Well, as seems to often be the case these days, it’s taken me (S.Sigerson) a humiliatingly long time to get this pulled together and I feel pretty awful for that, but it’s here now! I’ve been traveling in and out of town more than usual lately and have also found myself rather busy these last few weeks with lots of time-consuming things. Things that sometimes have me feeling a little frustrated in their lack of logistical efficiency, which in turn leaves me feeling as though I’m always moving, but never getting anything of substance done, but nonetheless don’t always leave me with much time or energy for ‘side dishes’, like blogging. I, of course, had a chance to speak with Maria a while back, but before I get to the interview, I’d like to offer a few of my thoughts.
I mention my mundane frustrations here – that feeling of being spread at times irritatingly thin between disjointed obligations piled up around some very difficult and serious decisions – because this topic directly ties in with some of the main themes addressed in Maria Konnikova’s latest book Mastermind. I’ve been grappling these many months with some pretty serious matters, which has made a lot of what Maria has written here feel especially poignant and timely. What I mean by that is simply that this book has given me some very grounding food for thought at a time when emotions frequently run very high and the presence of clarity is about as common (and probable) as Sasquatch knocking on my door for a cup of flour.
Needless to say, I really enjoyed this book. I enjoyed the fact that the subject matter (how to “think like Sherlock Holmes”) is tackled in a way that makes the whole thing seem not only wholly approachable, if challenging (believe me, I’ve been trying), but also widely applicable. Maria walks us through a process of understanding not only Holmes’, but also our own minds, and then goes on to illustrate just what it is we need to be doing (or not doing) on a daily basis in order to really reap of the benefits of Holmesian thinking at its most fundamental levels. She profiles for us an array of beneficial mental habits angled less towards helping us to impress our friends with feats of smartass deduction or seemingly unrealistic levels of memorization, and more towards opening a door for us to just plain be better, more engaged, more focused, and more effective observers of the world around us. Rather than giving us a handful of superficial tricks that might make us feel awfully clever right at any given moment, Maria invites us to embark on a quest for a deeper level of self-understanding and, if we choose to make the effort, self-improvement. She makes us provocatively aware of some of our more destructive mental habits (things we’ve learned/have been socialized to do that diffuse our energies and prevent us from focusing and engaging as much we ought to) as well as some of our more basic, reflexive cognitive tendencies, coupled with a couple pocketfuls of good starting points for reducing and rewiring some of these things. The most resounding point in all of this (for me at at least) is that this approach can apply to/be beneficial for just about any situation. Anything from actual detective work, to deciphering otherwise oblique interpersonal interactions, to analyzing and making sense of a seemingly senseless chain of events, to making a decision.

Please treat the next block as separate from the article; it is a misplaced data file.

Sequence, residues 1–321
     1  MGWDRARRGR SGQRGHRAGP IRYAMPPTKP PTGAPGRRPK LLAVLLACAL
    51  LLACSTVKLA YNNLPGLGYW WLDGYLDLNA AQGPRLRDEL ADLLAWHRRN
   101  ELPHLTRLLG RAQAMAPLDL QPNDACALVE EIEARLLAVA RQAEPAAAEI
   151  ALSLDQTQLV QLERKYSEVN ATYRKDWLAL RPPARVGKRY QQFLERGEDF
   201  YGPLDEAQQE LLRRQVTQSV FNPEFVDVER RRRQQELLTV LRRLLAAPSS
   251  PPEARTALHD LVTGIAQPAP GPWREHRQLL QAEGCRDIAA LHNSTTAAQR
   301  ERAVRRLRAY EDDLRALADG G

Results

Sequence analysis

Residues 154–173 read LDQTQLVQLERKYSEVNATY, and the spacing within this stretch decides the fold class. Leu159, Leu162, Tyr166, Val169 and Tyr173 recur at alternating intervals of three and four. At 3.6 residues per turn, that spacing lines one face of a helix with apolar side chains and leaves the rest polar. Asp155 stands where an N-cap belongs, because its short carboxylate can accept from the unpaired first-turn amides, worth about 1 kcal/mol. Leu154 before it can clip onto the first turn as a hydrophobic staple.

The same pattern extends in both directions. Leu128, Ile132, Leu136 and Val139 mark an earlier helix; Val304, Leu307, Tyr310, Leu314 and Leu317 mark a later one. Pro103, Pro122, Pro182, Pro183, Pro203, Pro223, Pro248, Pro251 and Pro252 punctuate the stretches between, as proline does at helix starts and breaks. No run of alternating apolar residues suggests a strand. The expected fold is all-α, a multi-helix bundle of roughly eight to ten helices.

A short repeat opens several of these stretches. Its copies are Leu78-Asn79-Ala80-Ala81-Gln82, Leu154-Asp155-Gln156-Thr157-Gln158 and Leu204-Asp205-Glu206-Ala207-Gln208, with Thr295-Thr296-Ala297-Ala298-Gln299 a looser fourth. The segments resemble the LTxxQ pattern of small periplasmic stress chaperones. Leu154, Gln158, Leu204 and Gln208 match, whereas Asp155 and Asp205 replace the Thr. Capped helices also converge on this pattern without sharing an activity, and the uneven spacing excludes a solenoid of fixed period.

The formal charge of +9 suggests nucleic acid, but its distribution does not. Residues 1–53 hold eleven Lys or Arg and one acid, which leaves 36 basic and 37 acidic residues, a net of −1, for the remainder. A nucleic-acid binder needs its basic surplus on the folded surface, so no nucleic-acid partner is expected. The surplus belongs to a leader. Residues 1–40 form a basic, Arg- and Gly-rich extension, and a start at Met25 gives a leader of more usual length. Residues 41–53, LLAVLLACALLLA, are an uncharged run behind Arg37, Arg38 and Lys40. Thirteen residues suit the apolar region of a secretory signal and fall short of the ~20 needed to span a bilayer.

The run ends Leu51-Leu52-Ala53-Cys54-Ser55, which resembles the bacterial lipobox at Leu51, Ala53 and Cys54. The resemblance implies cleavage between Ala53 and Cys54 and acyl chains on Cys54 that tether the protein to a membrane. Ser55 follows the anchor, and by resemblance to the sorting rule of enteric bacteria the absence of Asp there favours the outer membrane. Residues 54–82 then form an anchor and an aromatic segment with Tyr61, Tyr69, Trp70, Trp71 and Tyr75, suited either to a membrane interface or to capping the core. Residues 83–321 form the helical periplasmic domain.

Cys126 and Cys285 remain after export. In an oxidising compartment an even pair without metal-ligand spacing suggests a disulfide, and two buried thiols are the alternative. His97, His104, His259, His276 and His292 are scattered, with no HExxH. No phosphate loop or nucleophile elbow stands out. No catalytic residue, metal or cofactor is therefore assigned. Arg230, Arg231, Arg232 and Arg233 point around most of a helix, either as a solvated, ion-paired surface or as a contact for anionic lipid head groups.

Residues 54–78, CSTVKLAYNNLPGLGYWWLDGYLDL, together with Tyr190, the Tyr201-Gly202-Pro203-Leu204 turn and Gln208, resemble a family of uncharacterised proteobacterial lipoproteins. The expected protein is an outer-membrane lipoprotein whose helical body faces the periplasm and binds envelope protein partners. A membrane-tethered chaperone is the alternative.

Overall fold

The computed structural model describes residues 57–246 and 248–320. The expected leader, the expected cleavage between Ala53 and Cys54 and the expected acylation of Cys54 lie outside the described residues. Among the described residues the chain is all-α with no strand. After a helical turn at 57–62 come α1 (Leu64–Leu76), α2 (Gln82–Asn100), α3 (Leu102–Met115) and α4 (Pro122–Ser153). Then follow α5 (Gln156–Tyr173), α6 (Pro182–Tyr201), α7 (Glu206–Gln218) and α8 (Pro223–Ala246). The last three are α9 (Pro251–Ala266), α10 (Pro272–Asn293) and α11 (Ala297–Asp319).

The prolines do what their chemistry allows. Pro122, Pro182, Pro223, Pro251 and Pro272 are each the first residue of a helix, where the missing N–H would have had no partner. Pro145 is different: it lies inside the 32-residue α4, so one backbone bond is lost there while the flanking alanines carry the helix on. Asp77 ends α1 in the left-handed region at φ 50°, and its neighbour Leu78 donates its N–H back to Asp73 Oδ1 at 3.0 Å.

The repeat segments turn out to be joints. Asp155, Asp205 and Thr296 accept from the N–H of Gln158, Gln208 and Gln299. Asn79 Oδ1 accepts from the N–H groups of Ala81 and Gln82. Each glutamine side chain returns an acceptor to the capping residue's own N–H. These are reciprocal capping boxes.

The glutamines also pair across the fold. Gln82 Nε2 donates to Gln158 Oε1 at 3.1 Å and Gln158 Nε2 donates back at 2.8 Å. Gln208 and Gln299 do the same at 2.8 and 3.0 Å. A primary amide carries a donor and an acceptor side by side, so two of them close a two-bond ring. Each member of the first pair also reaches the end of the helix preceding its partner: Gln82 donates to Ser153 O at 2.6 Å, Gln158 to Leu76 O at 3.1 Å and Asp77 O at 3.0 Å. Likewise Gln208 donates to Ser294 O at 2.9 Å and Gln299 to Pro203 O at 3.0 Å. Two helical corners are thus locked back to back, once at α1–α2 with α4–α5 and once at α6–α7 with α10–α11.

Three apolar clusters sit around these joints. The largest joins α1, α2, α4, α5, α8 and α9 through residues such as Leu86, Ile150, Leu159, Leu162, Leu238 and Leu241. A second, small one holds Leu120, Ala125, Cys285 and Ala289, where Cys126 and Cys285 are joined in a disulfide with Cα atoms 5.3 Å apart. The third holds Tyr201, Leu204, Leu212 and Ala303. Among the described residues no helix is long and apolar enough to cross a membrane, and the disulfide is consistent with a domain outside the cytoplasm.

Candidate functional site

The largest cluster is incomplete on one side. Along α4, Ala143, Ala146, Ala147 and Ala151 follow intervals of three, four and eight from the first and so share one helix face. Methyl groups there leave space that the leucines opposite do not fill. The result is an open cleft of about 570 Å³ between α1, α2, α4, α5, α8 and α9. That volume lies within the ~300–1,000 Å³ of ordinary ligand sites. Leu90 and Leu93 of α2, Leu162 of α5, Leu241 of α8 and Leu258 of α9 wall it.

Now, I’m deliberately being fairly vague here, because I want those of you who’ve not read Mastermind yet to discover it for yourselves. You also need to know, however, that there’s no free lunch to be had here. Maria’s book will provide you with a lot of really good ideas for the sorts of things you’ll need to consciously adjust and re-train in order to inch your way closer to a Holmesian state of mind, and she even gives you some really great pointers for how to go about doing this, but at the end of the day, *you’re* the one who’s going to have to do the work of figuring out exactly how, where, and to what degree those things should be applied. No one else can tell you how to do that. You’re just going to have to sit down, work it out for yourself just how much effort you’d like to commit to this and how you’d like to see it incorporated, and then commit. I mean *really* commit. This is, in every sense of the word, a ‘what you sow is what you reap’ sort of scenario.